MD congressman calls out 'Kumu Hina' film, says it's a reason to cut PBS funding

MD congressman calls out 'Kumu Hina' film, says it's a reason to cut PBS funding
Updated: Apr. 13, 2017 at 10:01 PM HST
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HONOLULU (HawaiiNewsNow) - A locally-produced and critically acclaimed PBS documentary on a Hawaiian transgender woman is now at the center of the debate over whether federal funding should be cut for public broadcasting.

President Donald Trump's proposed budget would zero out funding for the Corporation for Public Broadcasting, which supports PBS. The CPB budget request totals $446 million for fiscal year 2018.

Maryland Congressman Andy Harris, a Republican, cited the locally-produced documentary, "Kumu Hina," as one of the reasons why federal funding should be eliminated.

"I have to respond to people in my district who say, you know, given what 'Kumu Hina' is about, my district doesn't care of CPB produced that," Harris said at a March 28 House Appropriations Subcommittee hearing in Washington. "In fact, they would resent if I was publicly funding that."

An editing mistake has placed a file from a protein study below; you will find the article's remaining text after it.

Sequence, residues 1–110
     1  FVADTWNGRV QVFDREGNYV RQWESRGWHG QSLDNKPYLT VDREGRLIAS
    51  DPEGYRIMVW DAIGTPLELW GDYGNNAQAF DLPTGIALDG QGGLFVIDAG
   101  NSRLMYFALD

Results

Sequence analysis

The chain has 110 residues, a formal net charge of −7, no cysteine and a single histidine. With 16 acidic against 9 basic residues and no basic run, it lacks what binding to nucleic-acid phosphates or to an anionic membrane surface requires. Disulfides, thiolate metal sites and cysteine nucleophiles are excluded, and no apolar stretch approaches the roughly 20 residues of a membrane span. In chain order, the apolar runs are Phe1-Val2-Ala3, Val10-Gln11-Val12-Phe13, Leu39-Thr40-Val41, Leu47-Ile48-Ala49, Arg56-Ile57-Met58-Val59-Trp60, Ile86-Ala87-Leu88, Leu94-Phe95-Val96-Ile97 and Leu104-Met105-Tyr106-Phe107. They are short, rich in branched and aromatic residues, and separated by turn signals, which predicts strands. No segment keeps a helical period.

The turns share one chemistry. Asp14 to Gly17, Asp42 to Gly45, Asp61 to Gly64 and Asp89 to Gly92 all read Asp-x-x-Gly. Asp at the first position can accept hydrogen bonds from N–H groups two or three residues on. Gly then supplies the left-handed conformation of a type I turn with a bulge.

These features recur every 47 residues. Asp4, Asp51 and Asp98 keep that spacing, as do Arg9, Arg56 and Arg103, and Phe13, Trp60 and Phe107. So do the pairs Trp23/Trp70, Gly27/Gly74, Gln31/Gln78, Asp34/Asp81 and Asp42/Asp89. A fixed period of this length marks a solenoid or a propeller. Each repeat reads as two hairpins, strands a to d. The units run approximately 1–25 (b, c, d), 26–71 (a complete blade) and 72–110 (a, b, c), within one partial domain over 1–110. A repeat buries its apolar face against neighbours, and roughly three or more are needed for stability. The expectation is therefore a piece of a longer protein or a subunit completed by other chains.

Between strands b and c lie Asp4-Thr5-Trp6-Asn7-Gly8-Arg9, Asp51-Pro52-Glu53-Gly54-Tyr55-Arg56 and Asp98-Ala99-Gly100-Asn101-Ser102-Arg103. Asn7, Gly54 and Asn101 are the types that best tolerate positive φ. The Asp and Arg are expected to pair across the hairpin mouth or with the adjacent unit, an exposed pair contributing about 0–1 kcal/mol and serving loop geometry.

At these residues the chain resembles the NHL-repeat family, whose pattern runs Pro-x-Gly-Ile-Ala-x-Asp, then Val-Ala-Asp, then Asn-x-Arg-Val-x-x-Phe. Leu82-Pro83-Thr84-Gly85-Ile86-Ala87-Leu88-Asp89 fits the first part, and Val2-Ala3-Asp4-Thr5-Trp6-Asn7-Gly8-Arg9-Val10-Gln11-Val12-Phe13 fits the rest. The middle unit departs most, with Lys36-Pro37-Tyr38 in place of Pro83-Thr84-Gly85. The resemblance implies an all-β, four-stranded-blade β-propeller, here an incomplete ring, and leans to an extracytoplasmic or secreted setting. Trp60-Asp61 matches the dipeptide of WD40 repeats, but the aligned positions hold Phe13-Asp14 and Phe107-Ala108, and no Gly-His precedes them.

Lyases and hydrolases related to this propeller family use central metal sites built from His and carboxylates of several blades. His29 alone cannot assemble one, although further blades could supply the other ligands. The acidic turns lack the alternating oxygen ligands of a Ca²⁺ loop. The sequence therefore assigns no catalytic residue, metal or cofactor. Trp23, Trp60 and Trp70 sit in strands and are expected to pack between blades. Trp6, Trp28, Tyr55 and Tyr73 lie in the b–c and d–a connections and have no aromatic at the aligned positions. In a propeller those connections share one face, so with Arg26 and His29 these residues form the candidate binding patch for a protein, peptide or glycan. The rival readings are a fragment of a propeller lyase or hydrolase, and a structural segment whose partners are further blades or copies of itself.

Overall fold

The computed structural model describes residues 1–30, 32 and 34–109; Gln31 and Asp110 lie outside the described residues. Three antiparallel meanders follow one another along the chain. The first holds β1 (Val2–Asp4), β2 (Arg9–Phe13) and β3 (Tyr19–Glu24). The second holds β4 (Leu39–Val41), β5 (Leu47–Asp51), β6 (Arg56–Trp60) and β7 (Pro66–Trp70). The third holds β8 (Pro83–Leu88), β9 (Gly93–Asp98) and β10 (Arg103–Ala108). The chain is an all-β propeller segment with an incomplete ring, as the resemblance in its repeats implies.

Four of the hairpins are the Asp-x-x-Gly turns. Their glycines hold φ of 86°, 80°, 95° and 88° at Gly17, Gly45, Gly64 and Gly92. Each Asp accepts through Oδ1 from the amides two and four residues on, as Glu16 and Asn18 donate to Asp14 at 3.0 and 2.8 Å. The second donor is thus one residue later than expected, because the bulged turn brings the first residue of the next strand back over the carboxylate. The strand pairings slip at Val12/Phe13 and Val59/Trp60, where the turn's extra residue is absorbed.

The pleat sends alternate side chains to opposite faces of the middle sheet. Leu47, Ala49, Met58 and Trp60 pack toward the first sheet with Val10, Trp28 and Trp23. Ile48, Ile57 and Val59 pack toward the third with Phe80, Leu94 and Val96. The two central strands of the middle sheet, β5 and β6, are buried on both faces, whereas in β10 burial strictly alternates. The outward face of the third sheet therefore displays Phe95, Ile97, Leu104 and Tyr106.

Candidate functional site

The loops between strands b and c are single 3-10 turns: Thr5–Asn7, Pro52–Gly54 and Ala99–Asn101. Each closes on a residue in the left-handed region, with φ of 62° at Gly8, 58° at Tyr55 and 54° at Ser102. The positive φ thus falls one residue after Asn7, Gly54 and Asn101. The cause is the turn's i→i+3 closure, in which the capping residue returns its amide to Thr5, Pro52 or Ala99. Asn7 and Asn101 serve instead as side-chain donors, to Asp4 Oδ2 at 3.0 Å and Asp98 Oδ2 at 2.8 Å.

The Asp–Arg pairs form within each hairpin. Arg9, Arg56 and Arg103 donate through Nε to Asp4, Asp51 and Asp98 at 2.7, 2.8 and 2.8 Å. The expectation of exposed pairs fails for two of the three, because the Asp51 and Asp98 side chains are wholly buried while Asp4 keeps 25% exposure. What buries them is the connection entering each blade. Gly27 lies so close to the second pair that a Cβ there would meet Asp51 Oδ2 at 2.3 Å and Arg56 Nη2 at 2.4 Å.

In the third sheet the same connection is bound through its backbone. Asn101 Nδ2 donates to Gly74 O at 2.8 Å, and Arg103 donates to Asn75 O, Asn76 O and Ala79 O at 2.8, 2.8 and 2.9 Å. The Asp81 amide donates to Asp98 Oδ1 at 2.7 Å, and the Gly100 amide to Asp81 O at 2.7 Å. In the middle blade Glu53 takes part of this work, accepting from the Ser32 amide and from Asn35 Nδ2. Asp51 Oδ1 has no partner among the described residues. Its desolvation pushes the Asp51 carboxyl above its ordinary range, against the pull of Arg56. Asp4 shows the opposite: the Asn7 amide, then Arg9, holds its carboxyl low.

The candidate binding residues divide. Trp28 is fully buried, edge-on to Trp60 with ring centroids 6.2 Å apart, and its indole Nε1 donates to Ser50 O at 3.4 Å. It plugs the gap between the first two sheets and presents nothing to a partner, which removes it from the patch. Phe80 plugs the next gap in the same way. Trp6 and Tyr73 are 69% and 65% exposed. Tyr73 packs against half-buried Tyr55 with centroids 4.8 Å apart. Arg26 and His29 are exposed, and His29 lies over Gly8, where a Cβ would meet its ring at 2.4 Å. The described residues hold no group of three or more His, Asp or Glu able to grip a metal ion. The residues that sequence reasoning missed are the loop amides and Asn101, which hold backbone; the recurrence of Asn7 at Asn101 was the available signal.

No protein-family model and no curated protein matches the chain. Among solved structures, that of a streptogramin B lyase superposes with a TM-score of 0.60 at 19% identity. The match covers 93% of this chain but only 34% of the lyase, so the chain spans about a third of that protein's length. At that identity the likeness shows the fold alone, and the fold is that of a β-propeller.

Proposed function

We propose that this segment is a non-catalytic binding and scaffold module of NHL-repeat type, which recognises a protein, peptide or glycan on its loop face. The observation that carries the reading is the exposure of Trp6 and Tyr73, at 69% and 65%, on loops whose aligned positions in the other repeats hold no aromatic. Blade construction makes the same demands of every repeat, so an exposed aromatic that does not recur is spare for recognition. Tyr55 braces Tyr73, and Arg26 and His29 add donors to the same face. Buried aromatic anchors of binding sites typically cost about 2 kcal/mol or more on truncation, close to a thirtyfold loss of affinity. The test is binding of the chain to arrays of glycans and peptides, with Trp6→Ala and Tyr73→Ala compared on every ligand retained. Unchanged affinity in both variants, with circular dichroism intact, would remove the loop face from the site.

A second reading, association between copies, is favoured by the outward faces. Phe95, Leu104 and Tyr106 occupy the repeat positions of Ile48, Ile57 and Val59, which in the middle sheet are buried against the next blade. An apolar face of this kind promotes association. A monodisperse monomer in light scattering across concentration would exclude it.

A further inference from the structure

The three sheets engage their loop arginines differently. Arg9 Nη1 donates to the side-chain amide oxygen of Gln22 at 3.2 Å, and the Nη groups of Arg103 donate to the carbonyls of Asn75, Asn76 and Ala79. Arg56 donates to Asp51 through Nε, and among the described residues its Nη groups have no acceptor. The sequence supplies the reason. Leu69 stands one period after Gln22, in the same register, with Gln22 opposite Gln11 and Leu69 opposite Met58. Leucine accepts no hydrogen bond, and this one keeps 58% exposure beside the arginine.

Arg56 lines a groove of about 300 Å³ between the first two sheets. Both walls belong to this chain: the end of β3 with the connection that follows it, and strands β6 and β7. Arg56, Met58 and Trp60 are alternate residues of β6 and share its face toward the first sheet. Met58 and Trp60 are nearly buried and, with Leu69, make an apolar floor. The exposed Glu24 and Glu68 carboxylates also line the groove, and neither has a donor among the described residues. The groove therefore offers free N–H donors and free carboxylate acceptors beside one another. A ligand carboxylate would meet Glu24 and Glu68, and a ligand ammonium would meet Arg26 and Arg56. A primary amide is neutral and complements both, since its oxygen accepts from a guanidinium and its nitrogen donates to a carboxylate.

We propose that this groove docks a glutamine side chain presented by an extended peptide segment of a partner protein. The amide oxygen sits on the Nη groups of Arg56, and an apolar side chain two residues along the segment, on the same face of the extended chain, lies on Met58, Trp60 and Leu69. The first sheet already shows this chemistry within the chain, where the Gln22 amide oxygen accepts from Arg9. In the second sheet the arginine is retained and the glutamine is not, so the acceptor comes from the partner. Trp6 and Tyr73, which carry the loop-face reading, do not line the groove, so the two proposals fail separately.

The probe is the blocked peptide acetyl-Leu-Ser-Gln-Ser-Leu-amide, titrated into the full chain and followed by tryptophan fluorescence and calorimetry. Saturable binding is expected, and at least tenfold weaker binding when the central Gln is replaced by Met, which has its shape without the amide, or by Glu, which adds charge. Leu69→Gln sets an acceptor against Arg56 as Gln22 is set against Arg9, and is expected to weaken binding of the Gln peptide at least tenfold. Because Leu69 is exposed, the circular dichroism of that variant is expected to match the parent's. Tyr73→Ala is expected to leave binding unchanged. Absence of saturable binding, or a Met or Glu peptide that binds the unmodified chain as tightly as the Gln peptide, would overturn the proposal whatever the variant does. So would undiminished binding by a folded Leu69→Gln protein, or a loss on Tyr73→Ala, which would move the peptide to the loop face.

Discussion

"Kumu Hina" is about Hinaleimoana Wong-Kalu, a locally prominent Native Hawaiian transgender woman who is a teacher and activist. The documentary was first shown on PBS Hawaii, and then nationally. Harris questions why public funding should be used for such a film.

"You know what? Just can't fund it any more," he said. "I can't explain to people in my district why CPB invested $302,000 in 'Kumu Hina.'"

"I find it quite interesting -- and somewhat amusing -- that a little face out in the Pacific Ocean was cited as as reason for a budget cut," Wong-Kalu said in response to the uproar. She said her friends and supporters are upset that the documentary has become a focal point in the debate.

"PBS is about empowering and enabling the nominalized, marginalized voices within the diversity of our community," she said.

"The response to 'Kumu Hina' here locally has been overwhelmingly positive," said Liberty Peralta, Vice President of Communications at PBS Hawaii. "We value being inclusive and sharing multiple points of view, and 'Kumu Hina' is just one of those stories that does that."

Kumu Hina herself is hoping PBS funding will survive the budget ax.

"That is very, very unfortunate. It's regrettable," she said. "I hope that it will actually not come to pass."

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